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CURRENT COLUMN

The Case of the Olympic Posters
The Case of the Olympic Posters

The Case of the Solitary Surrealist
The Case of the Solitary Surrealist

The Case of the Recalcitrant Rembrandt
The Case of the Recalcitrant Rembrandt

The Case of the Ambiguity of Authenticity
The Case of the Ambiguity of Authenticity

The Case of Margaret Keane’s Big-Eyed Boys
The Case of Margaret Keane’s Big-Eyed Boys

The Case of Clarence’s Château-Gaillard
The Case of Clarence’s Château-Gaillard

The Case of the M.S. Nov 1910
The Case of the M.S. Nov 1910

The Case of Cruise Ship Art: Part 2
The Case of the Archangel Michael Defeating Satan

The Case of Cruise Ship Art: Part 2
The Case of Cruise Ship Art: Part 2

The Case of Mary Most Holy Mother of Light
The Case of Mary Most Holy Mother of Light

The Case of Leni and the Nuba
The Case of Leni and the Nuba

The Case of the Seductive Souvenir
The Case of the Seductive Souvenir

The Case of the Irish Surrealist
The Case of the Irish Surrealist

The Case of the Developing Dalí
The Case of the Developing Dalí

The Case of Nano-D Technology
The Case of Nano-D Technology

The Case of Dabatable Donations
The Case of Debatable Donations

Edgar Heap of Birds
The Case of the Long-tailed Monkey

Edgar Heap of Birds
The Case of Edgar Heap of Birds

Silent Song
The Case of the Silent Song

Aficionado
The Case of Alex and the Art Aficionado

Portrait
The Case of the Privacy of the Publicity Photo

Potter
The Case of the Potter's Portraits

The Case of the Coy Cornelius Krieghoff

The Case of the Political Portraitist

The Case of the Reconsidered Revolution

The Case of the Anabiotic Abbey

The Case of the Phoney Picasso

The Case of Setsuko Piroche

The Case of being on the Forest Edge with Vern Simpson

The Case of Being at the End of the Storm with Loren Adams

The Case of Being: Under the Table with Thomas

The Case of Wyland's Whales on Walls

The Case of A.Y. Jackson's Smart River (Alaska)

The Case of Red Fish with Blue Breasts

The Case of Looe Poole

The Case of Camaldoli

The Case of MS

The Case of the Misattributed Emily Carrs

The Case of the Doubtful Dürer

The Case of the Purloined Picasso

The Case of the Defrocked Duchess of Devonshire

The Case of the First Wife

The Case of the Dodford Priory

The Case of the Unknown Actor

Art Services & Materials


Confessions Back

Practical Art History
(or Confessions of a Fine Art Appraiser)

Marc Chagall, La Révolution (1937), oil on canvas

Marc Chagall, La Révolution (1937), oil on canvas

by Jim Finlay
Finlay Fine Art & Wealth Management
jim_finlay@telus.net

Chapter 20. The Case of the Reconsidered Revolution

As a fine art appraiser, I am on occasion obliged to inform clients of that which they might not wish to hear. Frequently such issues revolve around questions of authenticity or of misunderstandings (either contrived or accidental) with regard to the actual identity of an artwork.

Purchase decisions, as well as value and investment decisions, are often made by a prospective client only with information supplied by a gallery owner or gallery staff. Clients assume that what they believe they are purchasing, and what they are actually buying, is indeed the same thing. Unfortunately this is not always the case, often through no deliberate act of deception on the part of the gallery or through the purchaser's inexperience.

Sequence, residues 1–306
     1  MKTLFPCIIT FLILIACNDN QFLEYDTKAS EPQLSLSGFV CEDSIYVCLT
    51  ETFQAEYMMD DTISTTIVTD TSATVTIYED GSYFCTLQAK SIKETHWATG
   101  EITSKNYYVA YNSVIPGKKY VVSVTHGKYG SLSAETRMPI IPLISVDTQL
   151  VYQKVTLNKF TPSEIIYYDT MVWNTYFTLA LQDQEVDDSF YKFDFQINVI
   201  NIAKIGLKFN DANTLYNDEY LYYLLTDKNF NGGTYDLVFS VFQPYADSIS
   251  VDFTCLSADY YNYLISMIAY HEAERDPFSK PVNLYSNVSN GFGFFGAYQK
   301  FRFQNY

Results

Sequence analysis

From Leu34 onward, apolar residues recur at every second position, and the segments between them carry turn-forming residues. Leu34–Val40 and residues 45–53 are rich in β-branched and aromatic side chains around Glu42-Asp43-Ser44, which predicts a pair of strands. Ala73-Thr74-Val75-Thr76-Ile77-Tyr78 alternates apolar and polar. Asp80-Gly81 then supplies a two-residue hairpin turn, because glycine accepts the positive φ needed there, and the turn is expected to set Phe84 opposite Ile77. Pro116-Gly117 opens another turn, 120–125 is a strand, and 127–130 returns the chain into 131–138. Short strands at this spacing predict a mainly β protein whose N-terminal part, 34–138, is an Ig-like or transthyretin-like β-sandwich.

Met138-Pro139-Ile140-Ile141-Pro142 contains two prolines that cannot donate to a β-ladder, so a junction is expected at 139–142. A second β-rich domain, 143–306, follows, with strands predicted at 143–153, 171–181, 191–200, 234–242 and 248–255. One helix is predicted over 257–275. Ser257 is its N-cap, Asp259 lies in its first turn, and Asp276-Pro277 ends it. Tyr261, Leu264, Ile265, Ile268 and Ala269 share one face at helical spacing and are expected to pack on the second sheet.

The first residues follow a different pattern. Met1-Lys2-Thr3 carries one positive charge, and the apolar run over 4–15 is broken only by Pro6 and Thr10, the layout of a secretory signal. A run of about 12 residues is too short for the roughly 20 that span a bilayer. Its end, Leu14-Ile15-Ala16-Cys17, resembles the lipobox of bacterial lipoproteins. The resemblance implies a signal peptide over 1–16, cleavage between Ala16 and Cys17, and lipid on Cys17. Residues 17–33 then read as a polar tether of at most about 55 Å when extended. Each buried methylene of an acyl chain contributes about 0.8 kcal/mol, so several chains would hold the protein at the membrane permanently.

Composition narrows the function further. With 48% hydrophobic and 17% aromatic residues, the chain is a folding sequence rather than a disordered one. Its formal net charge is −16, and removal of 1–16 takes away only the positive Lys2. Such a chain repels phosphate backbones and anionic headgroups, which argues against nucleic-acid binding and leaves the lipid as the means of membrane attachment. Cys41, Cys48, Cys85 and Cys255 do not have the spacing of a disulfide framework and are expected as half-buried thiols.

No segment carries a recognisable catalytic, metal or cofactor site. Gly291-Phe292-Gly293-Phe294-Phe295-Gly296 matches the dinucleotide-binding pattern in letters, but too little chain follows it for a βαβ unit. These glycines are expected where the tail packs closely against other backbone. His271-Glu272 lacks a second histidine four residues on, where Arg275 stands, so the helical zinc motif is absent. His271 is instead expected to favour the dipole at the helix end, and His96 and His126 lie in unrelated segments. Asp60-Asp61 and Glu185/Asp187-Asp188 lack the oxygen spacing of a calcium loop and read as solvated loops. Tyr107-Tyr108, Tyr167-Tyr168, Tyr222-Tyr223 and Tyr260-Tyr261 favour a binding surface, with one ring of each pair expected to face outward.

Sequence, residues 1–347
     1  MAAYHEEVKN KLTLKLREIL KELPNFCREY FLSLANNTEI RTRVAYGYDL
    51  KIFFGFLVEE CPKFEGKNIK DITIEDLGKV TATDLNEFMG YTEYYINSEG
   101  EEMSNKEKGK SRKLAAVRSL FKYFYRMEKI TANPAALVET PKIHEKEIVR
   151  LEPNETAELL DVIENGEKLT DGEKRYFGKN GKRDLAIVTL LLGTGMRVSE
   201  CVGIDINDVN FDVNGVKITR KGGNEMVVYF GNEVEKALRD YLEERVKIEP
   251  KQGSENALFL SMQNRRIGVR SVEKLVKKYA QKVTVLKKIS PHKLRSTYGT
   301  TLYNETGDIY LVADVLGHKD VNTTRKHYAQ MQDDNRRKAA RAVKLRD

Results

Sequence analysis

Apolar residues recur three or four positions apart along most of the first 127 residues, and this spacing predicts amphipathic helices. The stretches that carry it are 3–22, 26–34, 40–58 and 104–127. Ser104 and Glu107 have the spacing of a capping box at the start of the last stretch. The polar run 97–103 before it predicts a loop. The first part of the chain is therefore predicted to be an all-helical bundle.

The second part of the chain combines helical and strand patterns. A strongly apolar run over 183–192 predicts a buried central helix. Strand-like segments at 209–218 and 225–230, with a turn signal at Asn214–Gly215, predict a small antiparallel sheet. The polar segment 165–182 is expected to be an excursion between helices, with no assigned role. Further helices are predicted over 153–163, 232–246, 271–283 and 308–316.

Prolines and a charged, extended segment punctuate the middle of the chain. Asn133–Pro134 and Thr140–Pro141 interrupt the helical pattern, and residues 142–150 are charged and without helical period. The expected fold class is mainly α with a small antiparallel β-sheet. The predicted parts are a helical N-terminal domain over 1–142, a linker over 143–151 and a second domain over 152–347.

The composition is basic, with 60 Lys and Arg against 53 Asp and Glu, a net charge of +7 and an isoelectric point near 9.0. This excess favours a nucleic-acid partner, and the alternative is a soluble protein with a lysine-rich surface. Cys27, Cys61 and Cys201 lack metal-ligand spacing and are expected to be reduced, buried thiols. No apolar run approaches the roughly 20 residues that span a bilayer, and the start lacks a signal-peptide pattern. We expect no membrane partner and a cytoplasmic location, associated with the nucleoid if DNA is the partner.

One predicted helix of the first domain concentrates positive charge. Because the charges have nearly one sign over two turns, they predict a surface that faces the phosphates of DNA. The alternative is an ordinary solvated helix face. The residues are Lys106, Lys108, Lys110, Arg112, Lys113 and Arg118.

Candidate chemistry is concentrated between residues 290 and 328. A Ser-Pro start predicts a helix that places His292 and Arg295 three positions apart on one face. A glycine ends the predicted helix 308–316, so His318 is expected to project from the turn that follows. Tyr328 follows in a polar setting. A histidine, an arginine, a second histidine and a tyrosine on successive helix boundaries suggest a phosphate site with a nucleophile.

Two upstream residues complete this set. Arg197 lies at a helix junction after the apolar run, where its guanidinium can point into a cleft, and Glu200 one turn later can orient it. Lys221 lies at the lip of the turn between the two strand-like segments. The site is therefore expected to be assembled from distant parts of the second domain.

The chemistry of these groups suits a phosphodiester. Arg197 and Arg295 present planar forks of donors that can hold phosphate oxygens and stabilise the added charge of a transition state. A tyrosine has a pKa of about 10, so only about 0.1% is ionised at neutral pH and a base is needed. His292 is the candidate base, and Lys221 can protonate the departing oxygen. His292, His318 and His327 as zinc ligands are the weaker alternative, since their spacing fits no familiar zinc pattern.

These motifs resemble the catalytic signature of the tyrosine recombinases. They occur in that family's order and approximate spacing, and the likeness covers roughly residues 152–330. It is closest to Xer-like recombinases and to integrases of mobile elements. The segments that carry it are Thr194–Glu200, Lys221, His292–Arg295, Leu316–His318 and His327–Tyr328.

Such was the case recently when doing an appraisal for replacement cost for insurance purposes. I was obliged to inform a client that a numbered lithograph entitled La Révolution, which bore a signature in pencil by Marc Chagall was not the original Chagall lithograph her husband had understood he was buying for my client's anniversary gift. Needless to say, upon hearing this my client became quite upset.

La Révolution after Marc Chagall

La Révolution after Marc Chagall, lithograph

During my inspection of the artwork, I confirmed that it indeed was a multi-coloured lithograph, signed in the plate lower right, “Marc Chagall,” and also signed in pencil lower right, outside the image, “Marc Chagall.” It was numbered and editioned 5/150 lower left, outside the image, in pencil. Printed in the plate in capital letters lower left, were the words, “D'APRES MARC CHAGALL-REVOLUTION (1933-1950) CHARLES SORLIER GRAV.”

This indicated that the artwork was a lithograph made by Charles Sorlier under the direction of, and after an image by, Marc Chagall. It is for this reason that the words, which translate as "after Marc Chagall", had been printed in the lower left hand corner of the image so as to distinguish this lithograph from an original Marc Chagall lithograph.

The word "after" (d'aprés) indicates that this image is from, copied or interpreted (in this case by Charles Sorlier) from another image by Marc Chagall. The resultant “new” image is not identical to the image on which it is based due to technical processes inherent in the lithographic reproduction process. This lithograph is catalogued under lithographs engraved by Charles Sorlier under Marc Chagall's direction and is so identified as “CS9 Revolution.” The image is based on a 1937 oil on canvas painting by Marc Chagall entitled La Révolution.

The gallery invoice listed the work as an original Marc Chagall and it was priced accordingly. Did the gallery intentionally mislead the customer? Did the gallery truly believe that they were selling an original lithograph by Marc Chagall? Should the buyer be entitled to all or part of his money back? Caveat emptor.

Next: The Case of the Political Portraitist

 Mon, Jun 7, 2010